A large part of a financial advisor’s job is to make you aware of risks and how you can protect yourself from these risks.
Health and disability insurance are prime examples. A loss of income presents a serious risk to your financial stability; carrying the appropriate types of insurance insulates your from these risks.
As you enter retirement, you face a new set of risks. You’ll want to be aware of these retirement risks and the measures you can take to reduce their effects.
1. Sequence Risk
Sequence risk has to do with the how investment returns are achieved. A portfolio may average a 6-7% annualized rate of return over a decade’s worth of time, but how that average is achieved can vary depending on which decade it is. In one decade you may have a few years of positive returns followed by several years of negative returns. In a different decade the opposite may occur. You can have two identical portfolios with the same average return, the same amount of withdrawals and the same level of volatility, but if the negative returns occur in the beginning of retirement, it will have a compounding effect and if you don’t reduce your withdrawals, your money will run out far faster than it would if the positive returns had occurred at the beginning of retirement. It is this order in which returns occur that is sequence risk.
What to do: How can you protect yourself from sequence risk? Setting aside an appropriate amount in safe investments that can be used during years with negative portfolio returns can help mitigate the effects of sequence risk.
2. Withdrawal Rate Risk
No matter how good your investment returns are, if you withdraw too much money too fast, your portfolio will not be able to recoup. I call this overspending risk. When you are working, you have time to pay off debt that accumulates from overspending. In retirement, this is more difficult. If you overspend, and withdraw too much from your investments, you are jeopardizing your future income.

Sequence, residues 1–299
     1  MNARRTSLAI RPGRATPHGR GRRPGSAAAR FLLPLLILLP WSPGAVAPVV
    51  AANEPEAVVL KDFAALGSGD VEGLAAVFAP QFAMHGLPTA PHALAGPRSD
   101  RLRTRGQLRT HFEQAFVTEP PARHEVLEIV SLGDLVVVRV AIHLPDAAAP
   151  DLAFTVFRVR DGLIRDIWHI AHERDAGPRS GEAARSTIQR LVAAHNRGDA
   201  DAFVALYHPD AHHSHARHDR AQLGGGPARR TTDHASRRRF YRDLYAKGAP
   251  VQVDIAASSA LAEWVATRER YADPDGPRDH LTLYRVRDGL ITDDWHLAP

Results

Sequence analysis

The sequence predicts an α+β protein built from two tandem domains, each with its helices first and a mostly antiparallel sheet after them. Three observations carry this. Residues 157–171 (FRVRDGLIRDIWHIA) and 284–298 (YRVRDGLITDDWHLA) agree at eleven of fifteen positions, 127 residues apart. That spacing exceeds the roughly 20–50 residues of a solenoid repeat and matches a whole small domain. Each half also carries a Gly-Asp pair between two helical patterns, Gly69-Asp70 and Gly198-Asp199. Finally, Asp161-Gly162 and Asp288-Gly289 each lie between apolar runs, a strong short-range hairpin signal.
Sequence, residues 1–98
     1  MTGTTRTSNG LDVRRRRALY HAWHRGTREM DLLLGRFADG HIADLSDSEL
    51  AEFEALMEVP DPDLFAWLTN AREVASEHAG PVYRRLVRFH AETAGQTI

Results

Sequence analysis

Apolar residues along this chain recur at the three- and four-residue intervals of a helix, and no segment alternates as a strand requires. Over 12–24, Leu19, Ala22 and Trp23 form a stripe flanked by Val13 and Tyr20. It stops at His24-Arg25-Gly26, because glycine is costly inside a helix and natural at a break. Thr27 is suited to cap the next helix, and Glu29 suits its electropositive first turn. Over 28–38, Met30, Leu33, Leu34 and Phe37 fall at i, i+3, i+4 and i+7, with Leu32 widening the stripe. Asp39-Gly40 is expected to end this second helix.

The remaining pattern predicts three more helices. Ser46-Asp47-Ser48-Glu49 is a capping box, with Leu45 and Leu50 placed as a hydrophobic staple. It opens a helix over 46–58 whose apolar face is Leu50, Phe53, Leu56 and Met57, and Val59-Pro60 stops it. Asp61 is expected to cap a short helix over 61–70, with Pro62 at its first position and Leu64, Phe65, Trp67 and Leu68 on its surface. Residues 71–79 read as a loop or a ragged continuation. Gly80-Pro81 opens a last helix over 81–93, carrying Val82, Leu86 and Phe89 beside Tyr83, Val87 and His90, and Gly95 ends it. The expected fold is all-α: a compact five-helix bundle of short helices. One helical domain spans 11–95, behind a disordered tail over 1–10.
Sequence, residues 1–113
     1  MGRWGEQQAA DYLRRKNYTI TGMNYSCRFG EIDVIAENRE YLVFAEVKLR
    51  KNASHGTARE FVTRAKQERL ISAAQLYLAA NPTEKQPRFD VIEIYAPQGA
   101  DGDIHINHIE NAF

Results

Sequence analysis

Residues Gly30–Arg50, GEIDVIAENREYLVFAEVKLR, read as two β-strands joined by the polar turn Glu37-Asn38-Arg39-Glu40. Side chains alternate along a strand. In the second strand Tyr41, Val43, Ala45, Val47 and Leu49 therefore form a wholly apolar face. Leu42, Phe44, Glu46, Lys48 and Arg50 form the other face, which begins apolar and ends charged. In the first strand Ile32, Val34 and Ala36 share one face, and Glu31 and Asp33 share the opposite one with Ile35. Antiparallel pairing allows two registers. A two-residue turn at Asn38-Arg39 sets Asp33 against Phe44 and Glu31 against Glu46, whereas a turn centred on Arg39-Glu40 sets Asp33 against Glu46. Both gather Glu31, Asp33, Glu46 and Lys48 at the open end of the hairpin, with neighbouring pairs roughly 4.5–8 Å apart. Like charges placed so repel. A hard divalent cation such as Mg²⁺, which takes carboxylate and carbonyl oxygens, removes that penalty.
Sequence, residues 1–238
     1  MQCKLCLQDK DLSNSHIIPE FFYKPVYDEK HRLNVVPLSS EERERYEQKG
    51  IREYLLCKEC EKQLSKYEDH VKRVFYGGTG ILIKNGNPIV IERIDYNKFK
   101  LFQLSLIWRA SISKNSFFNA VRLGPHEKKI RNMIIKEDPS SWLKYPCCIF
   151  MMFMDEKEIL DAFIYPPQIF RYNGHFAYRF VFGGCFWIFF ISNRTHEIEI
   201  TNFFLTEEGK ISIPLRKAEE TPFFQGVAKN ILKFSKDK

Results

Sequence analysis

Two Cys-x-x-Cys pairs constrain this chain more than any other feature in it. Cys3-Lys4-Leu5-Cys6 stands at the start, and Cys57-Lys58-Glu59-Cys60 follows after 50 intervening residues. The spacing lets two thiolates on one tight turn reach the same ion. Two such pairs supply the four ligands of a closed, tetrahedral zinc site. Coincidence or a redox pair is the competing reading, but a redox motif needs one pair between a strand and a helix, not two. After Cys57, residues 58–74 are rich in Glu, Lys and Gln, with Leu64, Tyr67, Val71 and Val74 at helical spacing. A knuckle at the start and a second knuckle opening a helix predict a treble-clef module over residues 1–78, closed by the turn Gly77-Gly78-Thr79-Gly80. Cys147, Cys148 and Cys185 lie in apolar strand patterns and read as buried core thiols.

What to do: You can monitor withdrawal rate risk by tracking your withdrawal rate; each year divide your total portfolio withdrawals into the account balance. A withdrawal rate in excess of 5% is cause for concern, although an appropriate withdrawal rate can vary depending on your age and investment style.
Learn more: 6 Withdrawal Rate Rules to Follow in Retirement
3. Inflation Risk
During working years, raises tend to offset the effect of inflation. In fact, income often grows much faster than inflation during your most productive working years. In retirement, you have to provide your own raise by investing in a way that will provide enough growth to keep pace with inflation, or by starting with enough capital that you can withdraw more as needed due to rising costs.
What to do: Your Social Security income will be one of the few sources of income that will automatically increase with inflation, and careful thought should be put into when you begin benefits. Delaying the start date of your Social Security benefits is like buying an inflation adjusted annuity and is one of the most effective ways of offsetting the effects of inflation risk.
4. Longevity Risk
The biggest retirement risk is that you are planning for an unknown length of time. Will you need income for fifteen years, or for thirty-five? The longer the time horizon, the greater the effect of other retirement risks such as sequence risk, and inflation risk.
What to do: Social Security and immediate annuities can be sources of guaranteed income that can help protect you against longevity risk; which is the risk of outliving your money. A few insurance companies also offer longevity insurance, a form of an annuity where you set aside a lump sum at about age 60, and it provides guaranteed income beginning at your age 85.
Learn more: Longevity Insurance and How to Use It
Wade Pfau, Director of Curriculum Development for the Retirement Management Analyst (RMA) Designation Program, discusses the retirement risks listed above and more in his Retirement Researcher Blog Risks in Retirement.